Gas Station In SoHo Now Part Of Historic District, Effectively Making It A ‘Landmark’

NEW YORK (CBSNewYork) – It’s a pain in the gas to be the owner of one service station on Houston Street.

Marcello Porcetti owns the BP station at Houston and Lafayette streets.

Porcetti had hoped to convert the 11,000 square foot lot into a seven-story luxury condo development. However, New York City’s Landmarks Preservation Commission decided that the station is part of the expanded historic district in SoHo, which was put in place to preserve ornate, cast iron buildings nearby.

The designation means Porcetti can’t convert the lot into condos without a permit from the commission or other City agencies. He also has to interact with the city whenever he wants to make any significant changes to the station.

The New York Post reports that Porcetti had to get city approval to install new doors on a shed there. Further changes may require public hearings and input from the community.

What do you think of the decision to make the gas station part of the historic district? Sound off in our comments section below. 

  • danny

    Aside from stopping the owner from building a condo, why is this a landmark? There is no architectural significance. No historical value. They did it to stop him from putting up a building next to another one. So, basically, the city told him FU, pay your taxes and STFU. No condo for you. Welcome to the NEW NEW YORK. If you can make it here, you payed off the right guys.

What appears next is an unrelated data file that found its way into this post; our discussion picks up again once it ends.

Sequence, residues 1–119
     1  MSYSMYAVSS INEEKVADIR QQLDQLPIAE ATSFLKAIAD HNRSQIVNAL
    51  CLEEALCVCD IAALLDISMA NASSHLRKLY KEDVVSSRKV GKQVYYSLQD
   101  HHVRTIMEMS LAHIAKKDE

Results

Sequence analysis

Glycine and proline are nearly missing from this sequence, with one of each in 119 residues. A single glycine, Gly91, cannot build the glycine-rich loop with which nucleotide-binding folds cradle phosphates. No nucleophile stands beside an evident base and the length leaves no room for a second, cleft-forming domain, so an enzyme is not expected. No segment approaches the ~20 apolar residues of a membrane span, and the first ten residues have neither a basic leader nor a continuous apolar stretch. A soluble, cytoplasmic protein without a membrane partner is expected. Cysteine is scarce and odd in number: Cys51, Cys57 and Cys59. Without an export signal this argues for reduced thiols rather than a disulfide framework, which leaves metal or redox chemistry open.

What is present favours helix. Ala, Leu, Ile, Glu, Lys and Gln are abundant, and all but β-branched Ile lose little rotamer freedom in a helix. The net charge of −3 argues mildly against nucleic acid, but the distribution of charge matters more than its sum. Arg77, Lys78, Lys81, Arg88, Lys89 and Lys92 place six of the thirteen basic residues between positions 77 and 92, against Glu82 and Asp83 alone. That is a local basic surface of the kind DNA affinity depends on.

• ed

    there are fewer then 10 gas stations below 14th st in nyc. houston street used to have many car lots and gas stations. we dont need more condo’s in the neighborhood.

  • Salvatore

    First of all Mr. Marcello Porcetti must have known that when he built this station from day one that he was in an Historical Community. Mr. Marcello Porcetti had and always needed to contact the city to make changes no matter how big or small. I agree with Peep, Keep them in check. It sounds silly to keep a BP station historical. Maybe he should close it down and do without.

    • danny

      If they wanted to build a brand spanking new Apple store, all of the permits would have passes by now. Because the neighbors want it! (Even though there is one in an old building right around the block)

    • The Realist

      There’s a huge difference between being merely “historic” and being a designated Landmark. A “historic” building doesn’t need official permission for changes, while landmarks do. Plus the gas station itself has NEVER been historically significant.

  • Peep

    Yup, the Gaseteria station.
    Lots of congestion in that location because of all the new shops and condos. If a Whole Foods opens in your neigborhood the condo developments are not far behind.
    “It’s getting real in the Whole Parking Lot”.

    • A "Going Postal" Worker

      I agree with Peep.
      There seem to be two industries that always attract overzelaous idiots – real estate developers and airlines.

      In this case, the condo people just want to build, build build – and then 10 years from now, they’ll act surprised that we don’t have enough public schools or hospitals to support all of the extra residents. Glad that this station has become a landmark – maybe it will help keep some of the real estate “stupidity” in check.

  • what an eyesore

    i pass this hideous station every day. i’d rather see anything but this ugly, smelly thing.

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